01/29/2019, 14.52
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Tibetans detained, questioned over their opposition to fishing in the sacred Qinghai Lake

Chinese authorities are accused of protecting fishermen and harassing local activists. Many monasteries dot the area near the lake and Tibetans traditionally do not eat fish. The central government has declared the area a tourist zone and the fish a protected species. However, the influx of ethnic Han settlers has led to increasing violations.

Xining (AsiaNews) – Chinese authorities have detained and questioned Tibetan activists trying to stop illegal fishing in Qinghai Lake, saying the Tibetans are taking the law in their own hands, local sources say. The lake is located in Qinghai province, in the north-eastern-most part of the Tibetan Plateau.

Chinese fishermen caught fishing in the lake are frequently released, after complaining that Tibetans have seized their nets and other fishing gear, one local resident told Radio Free Asia’s Tibetan Service.

“When the Tibetan activists take away the fishing nets and hand them over to the police, this results in disputes with the fishermen,” the source said.

China’s central government has declared the area of Qinghai Lake, also called Kokonur (In Oirat, a Mongolic language), a tourist area and the lake’s fish a protected species, and has promised that anyone caught fishing in the lake would be punished in accordance with the law.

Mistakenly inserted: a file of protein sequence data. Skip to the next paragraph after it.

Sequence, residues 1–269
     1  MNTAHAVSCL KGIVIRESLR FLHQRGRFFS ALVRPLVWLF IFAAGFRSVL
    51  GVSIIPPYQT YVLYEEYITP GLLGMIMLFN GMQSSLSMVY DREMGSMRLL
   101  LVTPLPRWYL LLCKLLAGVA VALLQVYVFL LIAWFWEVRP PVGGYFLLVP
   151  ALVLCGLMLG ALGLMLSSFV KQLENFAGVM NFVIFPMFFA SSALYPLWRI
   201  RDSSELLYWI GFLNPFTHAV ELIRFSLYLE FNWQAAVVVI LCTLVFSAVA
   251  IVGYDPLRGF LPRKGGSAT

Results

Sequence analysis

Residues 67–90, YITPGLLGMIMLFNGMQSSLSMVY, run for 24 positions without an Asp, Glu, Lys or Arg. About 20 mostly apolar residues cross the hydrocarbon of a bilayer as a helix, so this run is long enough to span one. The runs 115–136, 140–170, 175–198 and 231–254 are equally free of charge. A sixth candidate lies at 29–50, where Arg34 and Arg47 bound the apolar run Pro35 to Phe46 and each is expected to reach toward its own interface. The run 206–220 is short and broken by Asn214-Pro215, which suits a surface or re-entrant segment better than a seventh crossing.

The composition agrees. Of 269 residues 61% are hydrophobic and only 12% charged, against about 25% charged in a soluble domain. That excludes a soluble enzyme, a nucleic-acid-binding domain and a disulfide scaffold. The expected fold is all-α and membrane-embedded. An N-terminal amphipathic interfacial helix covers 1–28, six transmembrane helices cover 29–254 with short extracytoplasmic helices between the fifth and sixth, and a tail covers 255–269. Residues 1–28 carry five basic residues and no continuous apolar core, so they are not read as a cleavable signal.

“But since the fishermen have good relations with the local police, they are quickly set free, while the Tibetans are held for questioning. Some of the local activists have been held for several days on charges of bad behaviour, though most are released after being questioned for a few hours.”

One activist was recently held for four days, and was asked if he and his group had sent pictures or video clips to contacts outside the country, and whether they were being organised and directed by outside forces.

Teams of volunteers from many communities around the lake have been working around the clock to stop fishing in the lake. Tibetans are against it because they consider the Qinghai Lake a sacred place. Many monasteries can be found in the lake area and Tibetans traditionally do not eat fish.

Incidents of illegal fishing have increased in recent years around Qinghai Lake, with local Tibetans stepping up monitoring activities in response.

Directives from China’s central government urging protection of Tibet’s vulnerable environment are often flouted at the local level by Han Chinese settlers to the area, experts say.

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